Jobs Summit must address wages in the creative industries
This week’s Jobs and Skills Summit must address the low pay and job insecurity of workers in the arts, entertainment and media industries, who enrich our lives and inform our democracy, all the while contributing tens of billions of dollars to the national economy each year.
Lack of access to the bargaining system, the uncertainty of freelance and gig employment, lack of minimum pay and entitlements means the sustainability of these industries is threatened, the Media, Entertainment & Arts Alliance will tell the summit.
MEAA Chief Executive, Erin Madeley, who will represent the union’s 15,000-plus members at the summit, said low wages and job insecurity, combined with poor health and safety (in its psychological and social forms as well physical) caused by long working hours and a culture of “the show must go on”, are cutting short careers and leading to skills shortages across the cultural industries.
She said creative workers were often trapped by a system that fails to recognise them as employees and which shuts them out of the industrial relations system.
The situation has worsened since the onset of the COVID-19 pandemic, which exposed the frailty of earnings in the arts sector when tens of thousands of workers were unable to claim JobKeeper and had no other source of income.
“Our members aren’t the same as platform-dependent Uber and Deliveroo workers, but they face the same uncertainties,” she said. “There is a persistent pressure to perform work at rates that undermine their ability to dedicate themselves to creative and media work.
“We know that over 60% of workers in the performing arts earn less than the minimum wage from their creative practice.
“And despite the flow of hundreds of millions of dollars from Google and Facebook into Australian media companies, the practice of shedding permanent jobs and replacing them with freelancers continues.
“Our industries need access to a system where workers can secure a sustainable and viable income and be freed of the risk of being shunted into lower-paid jobs where leave and superannuation rights are ignored.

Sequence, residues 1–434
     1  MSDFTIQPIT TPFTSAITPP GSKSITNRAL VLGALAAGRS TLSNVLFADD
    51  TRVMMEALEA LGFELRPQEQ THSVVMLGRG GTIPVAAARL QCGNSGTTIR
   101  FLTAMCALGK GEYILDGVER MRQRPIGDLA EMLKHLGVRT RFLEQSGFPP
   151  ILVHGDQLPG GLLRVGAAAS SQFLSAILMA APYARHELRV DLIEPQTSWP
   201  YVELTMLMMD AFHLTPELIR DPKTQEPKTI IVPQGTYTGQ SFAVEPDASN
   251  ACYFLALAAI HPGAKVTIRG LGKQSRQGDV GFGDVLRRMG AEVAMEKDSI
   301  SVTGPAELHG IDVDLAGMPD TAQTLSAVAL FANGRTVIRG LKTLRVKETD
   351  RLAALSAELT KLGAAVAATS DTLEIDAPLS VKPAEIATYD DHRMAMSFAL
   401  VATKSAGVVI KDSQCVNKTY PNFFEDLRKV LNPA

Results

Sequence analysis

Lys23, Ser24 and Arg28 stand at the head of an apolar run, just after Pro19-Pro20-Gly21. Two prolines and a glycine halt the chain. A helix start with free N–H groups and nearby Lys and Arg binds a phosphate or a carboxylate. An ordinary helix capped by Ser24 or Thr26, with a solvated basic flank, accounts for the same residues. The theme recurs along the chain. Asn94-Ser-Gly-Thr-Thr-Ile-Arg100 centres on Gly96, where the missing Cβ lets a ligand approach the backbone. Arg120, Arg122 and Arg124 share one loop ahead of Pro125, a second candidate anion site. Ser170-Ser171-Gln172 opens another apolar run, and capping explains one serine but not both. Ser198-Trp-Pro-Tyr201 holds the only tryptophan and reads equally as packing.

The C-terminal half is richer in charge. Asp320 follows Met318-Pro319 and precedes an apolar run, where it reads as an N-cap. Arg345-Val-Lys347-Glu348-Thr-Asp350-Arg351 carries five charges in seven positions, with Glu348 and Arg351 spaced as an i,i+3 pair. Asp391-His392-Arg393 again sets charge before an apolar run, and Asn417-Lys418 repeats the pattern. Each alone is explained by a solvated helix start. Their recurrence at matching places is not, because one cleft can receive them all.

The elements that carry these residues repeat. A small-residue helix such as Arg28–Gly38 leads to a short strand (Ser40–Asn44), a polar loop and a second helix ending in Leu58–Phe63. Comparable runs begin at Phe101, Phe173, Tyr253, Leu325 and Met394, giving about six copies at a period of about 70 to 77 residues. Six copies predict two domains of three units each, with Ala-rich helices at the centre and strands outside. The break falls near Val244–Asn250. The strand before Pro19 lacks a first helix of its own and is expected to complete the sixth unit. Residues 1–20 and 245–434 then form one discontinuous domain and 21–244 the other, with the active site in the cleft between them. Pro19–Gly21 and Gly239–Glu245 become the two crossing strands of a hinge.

“Governments have a critical role to play in setting standards and ensuring wage justice.
“MEAA now looks to the new Federal Government to reverse the chronic undervaluation and neglect of our media and arts sectors.”
Australia needs a strong media to produce public interest journalism and to maintain a healthy democracy. Our nation also needs a strong cultural sector and cultural economy to showcase our talents and tell unique stories. We cannot achieve these outcomes where those in the media and entertainment engine rooms are displaced and under-valued.
A 2017 report by the Australia Council found that the average income for artists from all of their jobs – both creative and non-creative – was $48,000, 21% below the workforce average.
Creative income made up just over a third of that amount, totalling just $18,800.
The reason for this is the current bargaining system rules do not work for a sector where workers move from gig to gig and employer to employer. In many cases workers are not even recognised as employees, shutting them out of collective bargaining all together.
In the media, where journalism work is steadily moving away from traditional employment models, freelancers do not benefit from the gains won by journalists over decades through bargaining and do not even have a minimum rate of pay.
“We need a system of bargaining that recognises how our industries work and ensures all workers are remunerated to a level that allows them to sustain a career,” Ms Madeley said.